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Cau Ailosod


Manylion y Safle

© Copyright and database right 2020. All rights reserved. Ordnance Survey licence number 0100022206

NPRN 43859

Cyfeirnod Map SH51NE

Cyfeirnod Grid SH5993218026

Awdurdod Lleol Gwynedd 

Hen Sir Meirionnydd

Cymuned Barmouth

Math o Safle EGLWYS

Cyfnod Ôl-Ganoloesol, Canoloesol

Disgrifiad o´r Safle St Mary and St Bodfan's Church is located within a rectilinear churchyard. Both churchyard and church building are terraced into sloping ground, which is separated from the foreshore by a cliff face. The churchyard has undergone several phases of enlargement. Its original southern boundary can be traced as a low bank. Another low bank is located nearer to the church, possibly indicating an earlier boundary. The churchyard was extended to the south in 1861. At this time a cottage was located to the immediate south-west of the church building. This is visible on historic (1885-1901) Ordnance Survey mapping, but is now only visible as an earthwork. In 1861 the road leading to the cottage was re-routed, with the original being incorporated into the churchyard. The lych gate (NPRN 307134) dates from this time. The churchyard has since been further extended to the south and west.

Two fifth to sixth century stones (known as the ‘Calixtus Stones’), inscribed in Latin, are located in the north aisle. These are not in their original location, and are reported to have been found between Barmouth and Llanaber.

The church is a Grade II listed building, and its existing layout dates from the thirteenth century. The building consists of a north and south aisled nave, a south porch, and a chancel with a north vestry. It is built in the Early English style of architecture, which is little represented in north-west Wales. The style of the masonry has been compared with that at Castell-y-Bere and it has been suggested that both church and castle were commissioned by Llywelyn ap Iorwerth. A late thirteenth century cross is built into the wall of the west nave. The single chambered arch in the north wall of the chancel is thought to date to the thirteenth century. The octagonal font is thought to date to the fourteenth century. The roofs of first the chancel and then the nave were replaced in the later medieval period. The fifteenth century chancel roof is constructed of arch braced collar beam trusses. The tie-beam trusses of the nave are thought to date to the sixteenth or seventeenth century. A north chapel was added to the chancel at some time after the Reformation, which is known to have had two rectangular windows in the north wall and one in the west wall. Its measurements were noted in a terrier of 1793 as 7.5 yards length x 6.5 width. The church was heavily restored between 1858 and 1860. The work involved the complete rebuilding of the west front to a new design, and the removal of the north chapel. The vestry, built on the site of the north chapel, and the porch were added at this time. Certain openings were also renewed and the wainscoting of an earlier rood screen was re-erected in the chancel. in 1910 the reredos was added, the alter rails and choir stalls were replaced, and the porch roof was replaced. The building has been more recently restored by Cadw. The work included the replacement of most of the external window mouldings.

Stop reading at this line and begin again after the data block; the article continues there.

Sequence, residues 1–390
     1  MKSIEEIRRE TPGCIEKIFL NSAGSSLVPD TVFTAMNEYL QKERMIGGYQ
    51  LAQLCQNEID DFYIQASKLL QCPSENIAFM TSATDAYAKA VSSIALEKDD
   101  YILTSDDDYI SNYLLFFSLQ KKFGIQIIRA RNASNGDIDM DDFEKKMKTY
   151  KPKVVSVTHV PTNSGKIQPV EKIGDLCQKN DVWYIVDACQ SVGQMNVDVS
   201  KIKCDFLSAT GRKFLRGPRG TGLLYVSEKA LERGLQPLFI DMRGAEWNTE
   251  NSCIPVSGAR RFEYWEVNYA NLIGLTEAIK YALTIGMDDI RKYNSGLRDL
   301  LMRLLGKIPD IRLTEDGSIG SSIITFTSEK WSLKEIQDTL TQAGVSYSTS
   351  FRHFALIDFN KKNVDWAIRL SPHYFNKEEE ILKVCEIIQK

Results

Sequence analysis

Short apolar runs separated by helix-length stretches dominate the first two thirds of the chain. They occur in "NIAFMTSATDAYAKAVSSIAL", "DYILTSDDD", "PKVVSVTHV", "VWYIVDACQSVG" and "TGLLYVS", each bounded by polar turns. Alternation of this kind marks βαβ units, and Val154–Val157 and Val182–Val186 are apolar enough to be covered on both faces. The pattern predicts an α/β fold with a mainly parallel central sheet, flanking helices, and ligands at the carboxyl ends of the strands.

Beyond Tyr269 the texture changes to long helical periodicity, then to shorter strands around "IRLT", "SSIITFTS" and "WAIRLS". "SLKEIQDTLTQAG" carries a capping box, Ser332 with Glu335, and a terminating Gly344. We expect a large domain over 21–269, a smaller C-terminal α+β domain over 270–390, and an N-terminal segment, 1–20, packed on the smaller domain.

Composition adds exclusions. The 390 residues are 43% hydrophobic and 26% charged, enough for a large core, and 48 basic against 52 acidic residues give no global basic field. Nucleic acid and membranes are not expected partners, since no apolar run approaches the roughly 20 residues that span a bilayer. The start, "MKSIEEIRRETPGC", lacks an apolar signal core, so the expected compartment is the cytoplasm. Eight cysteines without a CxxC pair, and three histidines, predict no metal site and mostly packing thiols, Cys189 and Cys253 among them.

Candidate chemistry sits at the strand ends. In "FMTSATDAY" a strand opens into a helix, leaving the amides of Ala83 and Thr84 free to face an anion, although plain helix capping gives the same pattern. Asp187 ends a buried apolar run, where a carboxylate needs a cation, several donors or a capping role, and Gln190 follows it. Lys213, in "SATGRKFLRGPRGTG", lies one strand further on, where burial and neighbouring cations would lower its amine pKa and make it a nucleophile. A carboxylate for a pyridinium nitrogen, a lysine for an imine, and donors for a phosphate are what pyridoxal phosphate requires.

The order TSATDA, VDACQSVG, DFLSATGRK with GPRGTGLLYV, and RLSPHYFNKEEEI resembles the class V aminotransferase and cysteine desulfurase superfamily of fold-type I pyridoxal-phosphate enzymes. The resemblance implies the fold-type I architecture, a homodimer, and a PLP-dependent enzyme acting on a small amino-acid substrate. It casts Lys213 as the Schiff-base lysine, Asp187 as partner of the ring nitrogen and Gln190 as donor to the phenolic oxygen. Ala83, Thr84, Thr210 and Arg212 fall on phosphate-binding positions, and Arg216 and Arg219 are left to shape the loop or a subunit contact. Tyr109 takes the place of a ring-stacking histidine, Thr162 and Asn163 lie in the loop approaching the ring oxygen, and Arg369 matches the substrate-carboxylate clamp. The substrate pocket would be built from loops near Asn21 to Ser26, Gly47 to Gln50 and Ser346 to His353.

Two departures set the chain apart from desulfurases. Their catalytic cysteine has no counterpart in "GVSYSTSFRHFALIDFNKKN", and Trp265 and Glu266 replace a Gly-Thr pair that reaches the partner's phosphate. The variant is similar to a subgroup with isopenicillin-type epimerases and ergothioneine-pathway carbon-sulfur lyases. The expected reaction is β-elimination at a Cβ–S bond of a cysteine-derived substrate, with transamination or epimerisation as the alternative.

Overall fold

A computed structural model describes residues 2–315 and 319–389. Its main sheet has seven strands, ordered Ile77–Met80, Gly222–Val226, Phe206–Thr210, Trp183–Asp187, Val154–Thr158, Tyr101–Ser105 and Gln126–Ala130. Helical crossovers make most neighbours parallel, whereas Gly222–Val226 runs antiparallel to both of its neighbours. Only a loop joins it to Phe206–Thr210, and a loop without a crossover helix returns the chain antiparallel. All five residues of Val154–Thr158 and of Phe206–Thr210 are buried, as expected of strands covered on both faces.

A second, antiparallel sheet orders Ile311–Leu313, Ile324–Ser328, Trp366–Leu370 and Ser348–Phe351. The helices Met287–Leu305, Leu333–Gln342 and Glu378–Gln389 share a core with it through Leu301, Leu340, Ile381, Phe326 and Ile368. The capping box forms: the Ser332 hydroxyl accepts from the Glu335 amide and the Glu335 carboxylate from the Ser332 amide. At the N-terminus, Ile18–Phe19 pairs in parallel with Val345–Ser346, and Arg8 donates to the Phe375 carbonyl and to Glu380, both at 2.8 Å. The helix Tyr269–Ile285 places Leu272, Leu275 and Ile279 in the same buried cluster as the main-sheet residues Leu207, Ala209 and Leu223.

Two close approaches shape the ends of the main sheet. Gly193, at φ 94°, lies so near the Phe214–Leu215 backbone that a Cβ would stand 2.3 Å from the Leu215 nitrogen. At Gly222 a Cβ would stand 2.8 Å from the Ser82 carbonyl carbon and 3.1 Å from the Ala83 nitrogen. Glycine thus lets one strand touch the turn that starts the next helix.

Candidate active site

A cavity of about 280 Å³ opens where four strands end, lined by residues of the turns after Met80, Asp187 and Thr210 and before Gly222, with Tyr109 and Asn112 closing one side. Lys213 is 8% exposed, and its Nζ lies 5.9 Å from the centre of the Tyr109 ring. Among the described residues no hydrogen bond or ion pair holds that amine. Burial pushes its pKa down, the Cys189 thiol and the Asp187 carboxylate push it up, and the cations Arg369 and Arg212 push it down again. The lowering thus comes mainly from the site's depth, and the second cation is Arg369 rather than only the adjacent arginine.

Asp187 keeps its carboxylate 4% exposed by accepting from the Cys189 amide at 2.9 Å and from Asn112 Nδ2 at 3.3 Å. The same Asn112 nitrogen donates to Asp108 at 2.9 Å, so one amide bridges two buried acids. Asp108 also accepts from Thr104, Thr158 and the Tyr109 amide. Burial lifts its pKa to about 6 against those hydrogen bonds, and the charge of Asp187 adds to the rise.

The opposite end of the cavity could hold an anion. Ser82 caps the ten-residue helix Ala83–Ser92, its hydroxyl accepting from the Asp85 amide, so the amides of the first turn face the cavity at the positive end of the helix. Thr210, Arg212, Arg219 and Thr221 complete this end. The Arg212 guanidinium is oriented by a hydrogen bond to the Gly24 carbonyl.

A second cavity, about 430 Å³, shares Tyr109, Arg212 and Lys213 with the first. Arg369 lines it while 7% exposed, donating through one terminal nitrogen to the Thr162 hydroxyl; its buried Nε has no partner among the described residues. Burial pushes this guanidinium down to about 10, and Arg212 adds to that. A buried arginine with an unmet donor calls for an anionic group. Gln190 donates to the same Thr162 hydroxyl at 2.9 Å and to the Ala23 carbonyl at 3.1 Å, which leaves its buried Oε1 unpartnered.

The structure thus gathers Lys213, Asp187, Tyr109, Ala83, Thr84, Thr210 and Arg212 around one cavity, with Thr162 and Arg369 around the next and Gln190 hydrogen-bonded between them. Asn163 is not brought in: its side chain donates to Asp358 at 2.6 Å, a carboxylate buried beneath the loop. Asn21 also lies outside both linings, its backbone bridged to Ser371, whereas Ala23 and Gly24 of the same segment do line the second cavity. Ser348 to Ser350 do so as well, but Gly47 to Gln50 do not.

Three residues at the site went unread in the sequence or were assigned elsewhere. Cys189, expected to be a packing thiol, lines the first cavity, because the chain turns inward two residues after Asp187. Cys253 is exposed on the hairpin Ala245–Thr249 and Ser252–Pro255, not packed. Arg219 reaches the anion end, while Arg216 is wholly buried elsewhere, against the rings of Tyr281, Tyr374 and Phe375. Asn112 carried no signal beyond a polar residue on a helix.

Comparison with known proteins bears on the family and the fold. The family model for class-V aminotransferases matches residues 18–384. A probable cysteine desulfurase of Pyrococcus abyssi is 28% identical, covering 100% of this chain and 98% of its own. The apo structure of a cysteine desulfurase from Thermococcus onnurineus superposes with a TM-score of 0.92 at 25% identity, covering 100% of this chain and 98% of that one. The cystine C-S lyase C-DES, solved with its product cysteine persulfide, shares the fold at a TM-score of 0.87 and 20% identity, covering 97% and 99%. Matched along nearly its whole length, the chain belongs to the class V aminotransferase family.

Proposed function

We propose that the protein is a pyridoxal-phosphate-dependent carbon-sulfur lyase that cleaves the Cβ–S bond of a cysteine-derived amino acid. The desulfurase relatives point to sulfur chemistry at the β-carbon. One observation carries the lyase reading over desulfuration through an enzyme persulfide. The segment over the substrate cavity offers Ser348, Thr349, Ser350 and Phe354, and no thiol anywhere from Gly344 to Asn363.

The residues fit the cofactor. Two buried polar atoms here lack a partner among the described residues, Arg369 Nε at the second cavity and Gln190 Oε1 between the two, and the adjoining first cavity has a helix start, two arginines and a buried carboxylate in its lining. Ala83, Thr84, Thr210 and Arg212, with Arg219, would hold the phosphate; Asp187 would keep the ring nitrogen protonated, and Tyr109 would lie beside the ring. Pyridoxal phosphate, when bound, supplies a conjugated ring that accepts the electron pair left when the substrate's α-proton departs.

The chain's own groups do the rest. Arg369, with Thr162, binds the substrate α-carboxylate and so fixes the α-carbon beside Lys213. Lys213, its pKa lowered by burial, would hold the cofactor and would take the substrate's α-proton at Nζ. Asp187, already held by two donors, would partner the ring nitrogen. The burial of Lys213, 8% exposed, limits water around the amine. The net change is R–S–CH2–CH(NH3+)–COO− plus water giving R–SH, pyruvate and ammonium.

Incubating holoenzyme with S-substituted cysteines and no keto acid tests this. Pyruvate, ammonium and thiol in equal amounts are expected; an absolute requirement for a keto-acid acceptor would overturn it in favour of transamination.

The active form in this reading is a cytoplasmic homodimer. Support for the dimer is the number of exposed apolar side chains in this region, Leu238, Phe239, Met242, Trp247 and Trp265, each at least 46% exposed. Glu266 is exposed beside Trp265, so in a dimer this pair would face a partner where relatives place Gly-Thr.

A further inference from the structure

Sources include:
Beverley smith, J, Beverley Smith, Ll, 2001, History of Merioneth II, 340-1
Ordnance Survey, 1889, First edition 25inch
Gwynedd Archaeological Trust, 2000, Historic churches of Gwynedd: gazetteer, 391
Ordnance Survey, 1907, Second edition 25inch

RCAHMW, April 2012

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Chofnodion Archifol

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